It’s certainly possible that it’s not random, and as I said, it’s not a randomized experiment, so there’s always the possibility in any empirical work that there could be some other confounding variables — even if you have an experiment, you’re still not sure. In our analysis we’re very, very careful to present an array of evidence suggesting that the effects are real.
One thing that we show is that it affects you more, the more years you’re in school. If you look at kids who are at the same school at different points in time, the kids who were, say, 12 years old when the money drop accrued benefit more than kids who were 16 years old when the money drop occurred. Kids who were 18 years old are totally unaffected. That tells you that whatever happened has to do with actually being in school and the duration of time the individual was in a school with the additional money.
Do you worry that how court-ordered money is spent might be different than money that goes through the regular political meat grinder or the state funding formula — might those two different pots of money be spent differently, so that your results may not apply to non-court-ordered spending?
Absolutely. The benefit of the study is that arguably we’ve identified spending changes that could be considered quasi-random, so we’re getting a real causal relationship. The downside of that is that it’s a causal relationship for a specific kind of spending increase, so what you gain in credibility, you lose a little bit in external applicability, and that’s always a trade-off that you’re going to face.
It’s the same problem if you run an experiment — what may hold in an experimental setting may not hold in a non-experimental setting, and this is a kind of similar situation. The kinds of effects we’re observing, associated with school finance reforms, may not be the same thing you experience for just general increases in spending or what you would experience if you were to slash spending. That’s always something to think about, and I don’t really have a good answer for that. That’s something I’m currently doing research on right now: trying to look at what happens when schools lose money — specifically, what happened during the recession.
One idea that has a lot of traction in the political debate is the idea that spending money wisely is much more important than how much money is spent. Indeed, some scholars and researchers also make that claim. What do you think of that?
I find the dichotomy kind of annoying, to be perfectly honest. If you take a step back, whether money is spent efficiently or not is certainly important. But if you don’t have the money, you can’t spend it. It’s really quite as simple as that.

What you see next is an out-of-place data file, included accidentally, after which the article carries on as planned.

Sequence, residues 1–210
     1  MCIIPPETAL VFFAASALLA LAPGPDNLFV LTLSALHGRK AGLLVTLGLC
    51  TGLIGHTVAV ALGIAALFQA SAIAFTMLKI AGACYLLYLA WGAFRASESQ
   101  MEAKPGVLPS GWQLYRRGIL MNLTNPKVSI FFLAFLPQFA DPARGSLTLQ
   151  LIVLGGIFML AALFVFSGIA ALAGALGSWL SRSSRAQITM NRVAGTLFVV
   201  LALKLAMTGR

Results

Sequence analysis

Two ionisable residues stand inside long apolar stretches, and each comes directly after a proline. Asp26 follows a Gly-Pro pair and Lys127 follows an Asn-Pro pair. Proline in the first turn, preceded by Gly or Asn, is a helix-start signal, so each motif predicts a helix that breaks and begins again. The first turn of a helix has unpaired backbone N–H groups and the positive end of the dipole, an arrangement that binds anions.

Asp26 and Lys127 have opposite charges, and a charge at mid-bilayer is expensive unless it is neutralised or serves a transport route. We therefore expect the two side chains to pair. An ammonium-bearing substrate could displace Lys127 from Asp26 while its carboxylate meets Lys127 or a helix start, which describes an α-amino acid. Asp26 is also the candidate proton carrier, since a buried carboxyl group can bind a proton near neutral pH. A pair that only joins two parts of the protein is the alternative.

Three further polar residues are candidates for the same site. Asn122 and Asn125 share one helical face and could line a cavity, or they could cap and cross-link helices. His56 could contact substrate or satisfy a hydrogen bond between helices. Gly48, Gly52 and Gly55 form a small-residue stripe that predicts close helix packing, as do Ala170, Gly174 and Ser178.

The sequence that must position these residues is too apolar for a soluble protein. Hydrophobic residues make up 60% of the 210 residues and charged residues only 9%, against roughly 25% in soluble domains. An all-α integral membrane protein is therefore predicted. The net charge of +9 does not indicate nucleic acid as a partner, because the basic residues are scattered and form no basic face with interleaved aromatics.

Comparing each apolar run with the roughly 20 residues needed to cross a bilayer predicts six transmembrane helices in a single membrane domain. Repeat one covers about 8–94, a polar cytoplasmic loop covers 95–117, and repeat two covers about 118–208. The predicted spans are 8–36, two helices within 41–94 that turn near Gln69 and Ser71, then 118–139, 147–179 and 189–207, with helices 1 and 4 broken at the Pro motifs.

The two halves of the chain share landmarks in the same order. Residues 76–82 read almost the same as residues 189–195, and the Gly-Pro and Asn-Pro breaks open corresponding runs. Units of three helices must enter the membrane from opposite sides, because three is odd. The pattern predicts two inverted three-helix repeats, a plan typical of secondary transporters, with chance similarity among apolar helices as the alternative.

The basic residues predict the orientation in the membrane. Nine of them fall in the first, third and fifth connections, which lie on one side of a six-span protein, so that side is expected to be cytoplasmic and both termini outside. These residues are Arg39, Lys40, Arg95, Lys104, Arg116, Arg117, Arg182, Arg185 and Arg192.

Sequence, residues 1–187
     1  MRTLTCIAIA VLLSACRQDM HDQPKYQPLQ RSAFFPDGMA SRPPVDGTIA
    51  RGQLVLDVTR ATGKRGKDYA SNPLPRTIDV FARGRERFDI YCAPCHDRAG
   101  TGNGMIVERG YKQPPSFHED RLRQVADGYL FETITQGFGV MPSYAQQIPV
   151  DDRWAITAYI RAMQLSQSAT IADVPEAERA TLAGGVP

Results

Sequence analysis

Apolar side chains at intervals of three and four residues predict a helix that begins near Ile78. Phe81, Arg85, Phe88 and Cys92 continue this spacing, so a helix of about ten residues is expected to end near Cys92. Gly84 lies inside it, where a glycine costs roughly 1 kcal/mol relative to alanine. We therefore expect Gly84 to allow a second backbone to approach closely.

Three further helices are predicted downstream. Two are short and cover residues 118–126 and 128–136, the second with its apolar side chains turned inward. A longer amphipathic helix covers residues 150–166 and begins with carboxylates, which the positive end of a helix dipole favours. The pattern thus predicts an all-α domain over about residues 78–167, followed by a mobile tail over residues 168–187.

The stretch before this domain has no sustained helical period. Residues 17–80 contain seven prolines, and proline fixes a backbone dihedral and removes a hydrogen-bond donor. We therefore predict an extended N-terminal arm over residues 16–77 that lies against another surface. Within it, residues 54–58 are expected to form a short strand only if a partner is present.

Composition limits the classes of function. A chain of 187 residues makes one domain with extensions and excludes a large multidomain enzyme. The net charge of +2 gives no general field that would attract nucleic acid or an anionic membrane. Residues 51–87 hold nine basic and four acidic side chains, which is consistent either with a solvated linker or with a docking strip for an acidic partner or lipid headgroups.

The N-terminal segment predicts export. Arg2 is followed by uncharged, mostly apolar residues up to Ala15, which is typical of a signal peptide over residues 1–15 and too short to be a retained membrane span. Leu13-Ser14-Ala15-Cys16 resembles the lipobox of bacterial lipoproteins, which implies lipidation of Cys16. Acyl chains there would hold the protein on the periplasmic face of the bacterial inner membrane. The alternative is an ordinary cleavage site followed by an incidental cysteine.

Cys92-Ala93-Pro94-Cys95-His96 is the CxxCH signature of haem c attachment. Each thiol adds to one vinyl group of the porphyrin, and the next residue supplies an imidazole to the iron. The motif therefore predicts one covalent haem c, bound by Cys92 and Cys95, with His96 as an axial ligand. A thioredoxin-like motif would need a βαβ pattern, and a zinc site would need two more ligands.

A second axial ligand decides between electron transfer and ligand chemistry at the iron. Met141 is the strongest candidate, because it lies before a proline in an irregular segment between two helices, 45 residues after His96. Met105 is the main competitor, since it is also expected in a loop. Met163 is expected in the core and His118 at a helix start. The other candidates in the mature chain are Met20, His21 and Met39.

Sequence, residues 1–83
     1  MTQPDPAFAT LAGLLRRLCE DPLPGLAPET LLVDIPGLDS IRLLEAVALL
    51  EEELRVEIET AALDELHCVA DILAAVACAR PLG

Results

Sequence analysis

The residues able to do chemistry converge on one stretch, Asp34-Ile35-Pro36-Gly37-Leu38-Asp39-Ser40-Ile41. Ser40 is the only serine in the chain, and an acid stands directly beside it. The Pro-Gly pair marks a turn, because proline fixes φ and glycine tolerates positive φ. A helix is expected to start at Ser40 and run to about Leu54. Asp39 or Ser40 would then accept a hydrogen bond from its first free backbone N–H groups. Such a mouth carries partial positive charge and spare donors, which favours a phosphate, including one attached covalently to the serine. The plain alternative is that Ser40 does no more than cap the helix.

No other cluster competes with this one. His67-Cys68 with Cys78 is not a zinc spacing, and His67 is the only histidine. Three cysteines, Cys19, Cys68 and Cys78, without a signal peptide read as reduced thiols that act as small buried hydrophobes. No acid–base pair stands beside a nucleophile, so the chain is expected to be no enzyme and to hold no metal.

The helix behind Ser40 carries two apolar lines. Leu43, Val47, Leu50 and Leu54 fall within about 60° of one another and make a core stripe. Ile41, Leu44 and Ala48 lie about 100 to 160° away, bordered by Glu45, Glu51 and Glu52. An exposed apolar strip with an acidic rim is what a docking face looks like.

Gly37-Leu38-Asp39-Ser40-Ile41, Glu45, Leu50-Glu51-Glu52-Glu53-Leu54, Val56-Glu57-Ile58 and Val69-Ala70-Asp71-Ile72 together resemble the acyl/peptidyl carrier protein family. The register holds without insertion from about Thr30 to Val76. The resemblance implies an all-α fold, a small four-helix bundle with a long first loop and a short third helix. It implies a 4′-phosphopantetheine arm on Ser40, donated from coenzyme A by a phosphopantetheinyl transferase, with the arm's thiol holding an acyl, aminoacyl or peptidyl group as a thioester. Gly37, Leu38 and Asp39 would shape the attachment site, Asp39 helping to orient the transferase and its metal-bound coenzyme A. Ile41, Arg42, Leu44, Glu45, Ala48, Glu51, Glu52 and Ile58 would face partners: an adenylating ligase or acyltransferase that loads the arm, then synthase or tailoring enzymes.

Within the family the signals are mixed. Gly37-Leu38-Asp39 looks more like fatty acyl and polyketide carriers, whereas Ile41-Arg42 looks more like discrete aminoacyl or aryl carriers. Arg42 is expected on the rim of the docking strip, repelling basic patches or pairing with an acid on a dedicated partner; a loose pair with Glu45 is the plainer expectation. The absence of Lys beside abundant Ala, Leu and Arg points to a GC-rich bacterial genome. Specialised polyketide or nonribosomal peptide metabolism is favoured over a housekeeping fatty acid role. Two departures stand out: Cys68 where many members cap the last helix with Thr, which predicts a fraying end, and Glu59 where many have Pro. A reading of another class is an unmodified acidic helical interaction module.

The fact that there may be waste does not in any way, shape or form negate the fact that more money may have a positive effect. We should do both: We should spend more money and we should spend it more wisely. They’re just not opposed to each other.
Your research finds that the districts that got this court-ordered money spent it on some traditional inputs, right?
Yes. To be clear, there’s no way to know everything of what they did because we can only look at the things that we measured, but in terms of the things that we measured, we were able to see that the districts that got the increased spending used it to reduce class sizes, increase teacher pay and increase the length of the school year. That’s the basic finding, but there could have been other things that went on as well that we did not measure.
Let’s talk about your research on teacher quality and what you found in terms of teachers’ impacts on students outcomes beyond test scores.
I’m actually working on a few things on the same idea. In one paper, I started out from the standpoint that we know that teacher effects on test scores measure something, and we’ve seen through work by Raj Chetty and co-authors that teachers who improve test scores have important impacts on long-run outcomes for kids. We know that they measure something, and it’s a valuable tool to assess teacher quality.
And in fact you’ve also documented that test-score value-added [teachers’ impact on their students’ test score growth] measures something, separately from Chetty et al.’s work, right?
That is correct. It’s a real thing.
This paper is not set out to be a critique of using test scores, but really asking the question: We know that test scores measure something and that teacher effects on test scores measure something, but how much is it not measuring?